Northampton

Northamptonshire cyclist death: Man sentenced for dangerous driving

Gary Lynch Image copyright Northamptonshire Police
Image caption Gary Lynch pleaded guilty to killing cyclist Arthur Bourlet by dangerous driving

A burglar who hit and killed a cyclist during a police chase has been jailed for 11 years.

Gary Lynch, 55, led officers on a two-mile chase at speeds of up to 80mph (129km/h) in a stolen 4x4 before he hit Arthur Bourlet, 75.

After being cornered in a village, Lynch reversed into Mr Bourlet, who died almost a month later.

He had initially denied causing death by dangerous driving but changed his plea on the second day of a trial.

Lynch's crime spree began when he stole a Mitsubishi Shogun from a cottage in Grafton Regis in the early hours of 11 April.

He went on to take items from one property and attempted another burglary in south Northamptonshire.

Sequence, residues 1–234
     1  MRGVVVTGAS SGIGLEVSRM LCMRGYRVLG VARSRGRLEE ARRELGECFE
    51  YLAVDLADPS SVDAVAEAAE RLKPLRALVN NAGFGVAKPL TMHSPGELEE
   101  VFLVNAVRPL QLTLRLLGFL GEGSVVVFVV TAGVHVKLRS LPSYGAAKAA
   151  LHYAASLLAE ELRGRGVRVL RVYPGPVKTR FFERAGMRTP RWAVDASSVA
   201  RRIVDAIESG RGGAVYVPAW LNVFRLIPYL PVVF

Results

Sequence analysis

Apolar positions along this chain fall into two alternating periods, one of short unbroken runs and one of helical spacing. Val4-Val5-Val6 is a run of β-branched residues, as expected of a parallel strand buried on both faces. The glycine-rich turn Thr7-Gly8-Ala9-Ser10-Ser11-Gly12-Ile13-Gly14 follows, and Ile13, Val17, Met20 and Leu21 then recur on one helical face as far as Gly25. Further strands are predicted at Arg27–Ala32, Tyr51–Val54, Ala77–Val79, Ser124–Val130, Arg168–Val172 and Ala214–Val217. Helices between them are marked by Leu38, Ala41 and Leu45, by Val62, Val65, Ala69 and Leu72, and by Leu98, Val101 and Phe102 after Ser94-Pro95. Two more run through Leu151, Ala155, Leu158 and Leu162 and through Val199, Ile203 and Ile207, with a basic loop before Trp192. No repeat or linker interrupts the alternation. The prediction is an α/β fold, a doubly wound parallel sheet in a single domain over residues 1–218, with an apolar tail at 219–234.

Police gave chase after the stolen car triggered automatic number plate recognition cameras in Wellingborough.

Prosecutor Derek Johashen said: "The manner of driving was of the most extreme and dangerous."

During the pursuit, the court heard, Lynch hit police vehicles, damaging one so badly it had to be written off.

When police forced the vehicle into the village of Isham, Lynch reversed the Mitsubishi at speed, hitting Mr Bourlet.

After Mr Bourlet was knocked down, seven gas maintenance workers narrowly avoided being hit by the Mitsubishi, the court heard.

Lynch, of no fixed address, was taken out of the car and arrested when it was eventually stopped as a police BMW struck the driver's side.

Mr Bourlet, from Burton Latimer, was taken by air ambulance to Coventry Hospital but was pronounced dead on 3 May.

Lynch also admitted two counts of burglary, for which he received an 18-month consecutive sentence.

He also admitted driving while disqualified, and was given a five-year driving ban.

Further offences of attempted burglary, aggravated vehicle taking, refusing to take a breath test and driving without insurance will lie on file.

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